Great News!?

Business By saberger Updated 14 Apr 2008 , 5:11am by Sugar_Plum_Fairy

saberger Posted 7 Apr 2008 , 7:47pm
post #1 of 12

So, I have some possible good news. I contacted a place near me that is like an indoor playground and they do kids birthday parties on the weekend. They are new and didn't have anyone to do there cakes, so I went and introduced myself. To make a long story short, she wants to use me for the cakes/cupcakes/cookies, but I am concerned since I a not licensed. I didn't say anything to her for fear of losing he potential business, but I really am not interested in getting her into any trouble (or myself).

So here is the thing: there is a kitchen on the premises and I am thinking it would be great if I could approach her to use it and get my license. What do you think? How do I do this without shooting myself in the rear and losing the biz? Any suggestions?

TIA

11 replies
indydebi Posted 8 Apr 2008 , 1:42am
post #2 of 12

When I was an at-home baker, one of my food sales reps brought me an opporunity to do the same thing ... a kids party place needed a cake person. She told them about me and they were interested .... after I got licensed.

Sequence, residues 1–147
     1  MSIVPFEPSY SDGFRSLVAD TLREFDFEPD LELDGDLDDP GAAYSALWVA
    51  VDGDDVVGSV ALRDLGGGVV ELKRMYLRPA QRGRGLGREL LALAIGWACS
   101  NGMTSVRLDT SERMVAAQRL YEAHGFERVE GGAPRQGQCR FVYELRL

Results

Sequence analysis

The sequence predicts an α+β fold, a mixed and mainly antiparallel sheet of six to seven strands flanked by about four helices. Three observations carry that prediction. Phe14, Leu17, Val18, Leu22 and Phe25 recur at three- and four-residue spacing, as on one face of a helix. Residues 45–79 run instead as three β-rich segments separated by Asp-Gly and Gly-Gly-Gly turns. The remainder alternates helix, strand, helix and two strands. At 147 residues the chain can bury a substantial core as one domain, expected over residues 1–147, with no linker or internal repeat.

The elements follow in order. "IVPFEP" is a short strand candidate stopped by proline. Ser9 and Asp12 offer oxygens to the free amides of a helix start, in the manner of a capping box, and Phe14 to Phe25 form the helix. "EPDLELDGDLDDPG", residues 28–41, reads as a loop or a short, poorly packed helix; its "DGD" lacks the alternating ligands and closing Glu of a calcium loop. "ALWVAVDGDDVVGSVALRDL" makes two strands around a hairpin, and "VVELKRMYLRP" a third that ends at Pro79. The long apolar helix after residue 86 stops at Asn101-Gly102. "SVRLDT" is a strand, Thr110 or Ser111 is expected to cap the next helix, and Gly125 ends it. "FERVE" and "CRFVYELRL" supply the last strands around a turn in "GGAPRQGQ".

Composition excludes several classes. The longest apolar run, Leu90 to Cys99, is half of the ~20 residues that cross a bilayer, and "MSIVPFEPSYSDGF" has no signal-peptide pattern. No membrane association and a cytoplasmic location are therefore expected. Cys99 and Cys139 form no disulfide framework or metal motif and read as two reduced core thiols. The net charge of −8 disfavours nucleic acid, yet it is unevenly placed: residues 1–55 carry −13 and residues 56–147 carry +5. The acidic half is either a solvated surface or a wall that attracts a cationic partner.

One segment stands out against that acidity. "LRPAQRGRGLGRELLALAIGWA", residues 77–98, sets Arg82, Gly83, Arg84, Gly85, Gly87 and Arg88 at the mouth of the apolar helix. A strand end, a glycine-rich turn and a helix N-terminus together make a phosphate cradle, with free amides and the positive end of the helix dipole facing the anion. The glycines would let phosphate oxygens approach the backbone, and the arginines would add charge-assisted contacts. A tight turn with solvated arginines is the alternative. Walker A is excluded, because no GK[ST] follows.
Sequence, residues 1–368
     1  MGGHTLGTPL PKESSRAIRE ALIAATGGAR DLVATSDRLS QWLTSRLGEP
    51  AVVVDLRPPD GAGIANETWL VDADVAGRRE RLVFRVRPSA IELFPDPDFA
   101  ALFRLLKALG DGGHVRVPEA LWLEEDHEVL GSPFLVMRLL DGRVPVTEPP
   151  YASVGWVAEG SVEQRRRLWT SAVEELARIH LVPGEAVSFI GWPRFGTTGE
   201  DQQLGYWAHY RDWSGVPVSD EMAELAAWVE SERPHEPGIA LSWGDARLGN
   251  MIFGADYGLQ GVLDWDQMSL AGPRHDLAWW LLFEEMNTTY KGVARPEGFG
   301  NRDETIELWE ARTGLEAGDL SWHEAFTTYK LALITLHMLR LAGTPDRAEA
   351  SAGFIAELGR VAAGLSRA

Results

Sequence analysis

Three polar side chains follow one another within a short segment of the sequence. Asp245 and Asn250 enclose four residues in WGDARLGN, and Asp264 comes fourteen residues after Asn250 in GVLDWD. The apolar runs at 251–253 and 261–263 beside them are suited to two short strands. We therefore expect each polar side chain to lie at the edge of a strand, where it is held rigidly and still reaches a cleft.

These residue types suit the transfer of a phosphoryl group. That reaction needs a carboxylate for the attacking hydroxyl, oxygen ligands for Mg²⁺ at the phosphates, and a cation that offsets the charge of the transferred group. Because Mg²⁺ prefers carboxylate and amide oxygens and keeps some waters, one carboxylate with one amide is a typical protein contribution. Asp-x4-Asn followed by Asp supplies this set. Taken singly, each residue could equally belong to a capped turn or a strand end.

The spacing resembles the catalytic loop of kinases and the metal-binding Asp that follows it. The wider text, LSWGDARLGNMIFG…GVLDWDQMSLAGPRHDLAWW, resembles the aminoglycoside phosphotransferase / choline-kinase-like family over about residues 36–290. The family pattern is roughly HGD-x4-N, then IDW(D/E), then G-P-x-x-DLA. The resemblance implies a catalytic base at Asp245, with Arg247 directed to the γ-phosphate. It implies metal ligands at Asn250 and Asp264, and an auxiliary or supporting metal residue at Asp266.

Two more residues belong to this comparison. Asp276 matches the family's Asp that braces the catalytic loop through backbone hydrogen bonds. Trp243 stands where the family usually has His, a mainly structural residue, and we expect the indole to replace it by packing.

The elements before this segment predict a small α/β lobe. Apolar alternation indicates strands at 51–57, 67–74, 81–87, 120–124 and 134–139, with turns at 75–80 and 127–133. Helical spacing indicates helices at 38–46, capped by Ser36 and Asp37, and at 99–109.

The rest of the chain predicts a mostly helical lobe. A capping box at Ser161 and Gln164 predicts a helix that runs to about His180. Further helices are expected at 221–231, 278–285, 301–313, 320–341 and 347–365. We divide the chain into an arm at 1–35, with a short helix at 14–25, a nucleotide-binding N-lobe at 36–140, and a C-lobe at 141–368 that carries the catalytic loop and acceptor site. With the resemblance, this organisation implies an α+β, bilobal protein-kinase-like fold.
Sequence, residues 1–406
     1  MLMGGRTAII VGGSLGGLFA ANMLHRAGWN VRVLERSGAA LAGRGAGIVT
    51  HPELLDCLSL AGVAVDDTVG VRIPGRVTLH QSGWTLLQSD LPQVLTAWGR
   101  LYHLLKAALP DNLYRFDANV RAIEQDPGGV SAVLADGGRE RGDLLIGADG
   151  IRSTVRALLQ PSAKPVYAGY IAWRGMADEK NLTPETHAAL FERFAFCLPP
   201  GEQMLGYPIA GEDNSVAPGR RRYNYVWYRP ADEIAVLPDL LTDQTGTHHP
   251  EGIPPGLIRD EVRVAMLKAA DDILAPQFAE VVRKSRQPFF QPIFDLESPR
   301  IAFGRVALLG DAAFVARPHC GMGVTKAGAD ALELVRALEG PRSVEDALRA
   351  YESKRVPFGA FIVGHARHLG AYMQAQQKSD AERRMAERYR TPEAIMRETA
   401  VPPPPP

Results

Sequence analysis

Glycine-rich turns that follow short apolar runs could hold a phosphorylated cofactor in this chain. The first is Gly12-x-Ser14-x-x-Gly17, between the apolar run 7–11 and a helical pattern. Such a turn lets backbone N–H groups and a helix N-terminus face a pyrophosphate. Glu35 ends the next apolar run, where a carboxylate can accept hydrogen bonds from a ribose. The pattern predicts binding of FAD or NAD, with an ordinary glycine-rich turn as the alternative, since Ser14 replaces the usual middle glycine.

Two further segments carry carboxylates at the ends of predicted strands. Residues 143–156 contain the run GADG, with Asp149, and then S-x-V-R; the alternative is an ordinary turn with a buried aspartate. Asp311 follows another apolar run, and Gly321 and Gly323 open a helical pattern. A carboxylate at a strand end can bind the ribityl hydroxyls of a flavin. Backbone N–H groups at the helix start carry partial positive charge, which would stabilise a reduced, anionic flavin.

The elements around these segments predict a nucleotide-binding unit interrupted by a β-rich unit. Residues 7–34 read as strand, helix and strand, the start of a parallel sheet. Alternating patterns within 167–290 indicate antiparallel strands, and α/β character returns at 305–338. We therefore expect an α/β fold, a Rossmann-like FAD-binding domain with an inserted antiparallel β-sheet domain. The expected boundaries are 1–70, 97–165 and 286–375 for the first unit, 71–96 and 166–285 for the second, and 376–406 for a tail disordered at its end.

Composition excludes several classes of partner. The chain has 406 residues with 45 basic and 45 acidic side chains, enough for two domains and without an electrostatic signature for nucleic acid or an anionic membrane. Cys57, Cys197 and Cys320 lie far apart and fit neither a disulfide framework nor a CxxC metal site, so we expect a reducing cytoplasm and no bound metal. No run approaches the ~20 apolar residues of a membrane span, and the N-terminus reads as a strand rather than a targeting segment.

I certainly would pursue the kitchen use idea .... what's the worse that can happen? You can 'suggest' that you're looking for a 'new' space (not totally untrue!) and it would be a win-win for both of you for them to have their cakes made right on site.

cakemommy Posted 8 Apr 2008 , 2:00am
post #3 of 12

You asked that perfectly. I am wondering the same thing but for sure couldn't have explained it better than you.

You know, I have always said, it takes just one person to give you your big break. This could be it especially that this place is new. That's a huge plus!!!!!!!!!!!! Let us know how this turns out and how the negotiation went.


Amy

GeminiRJ Posted 8 Apr 2008 , 11:59am
post #4 of 12

Indydebi said it all! Sell the client on the pluses to having you do the cakes and cookies on-site. Good luck on this golden opportunity!

acookieobsession Posted 8 Apr 2008 , 12:08pm
post #5 of 12

But just don't provide them with products unless you are licensed. If you get sued or fined the place of business would get fined or worse for having you sell there.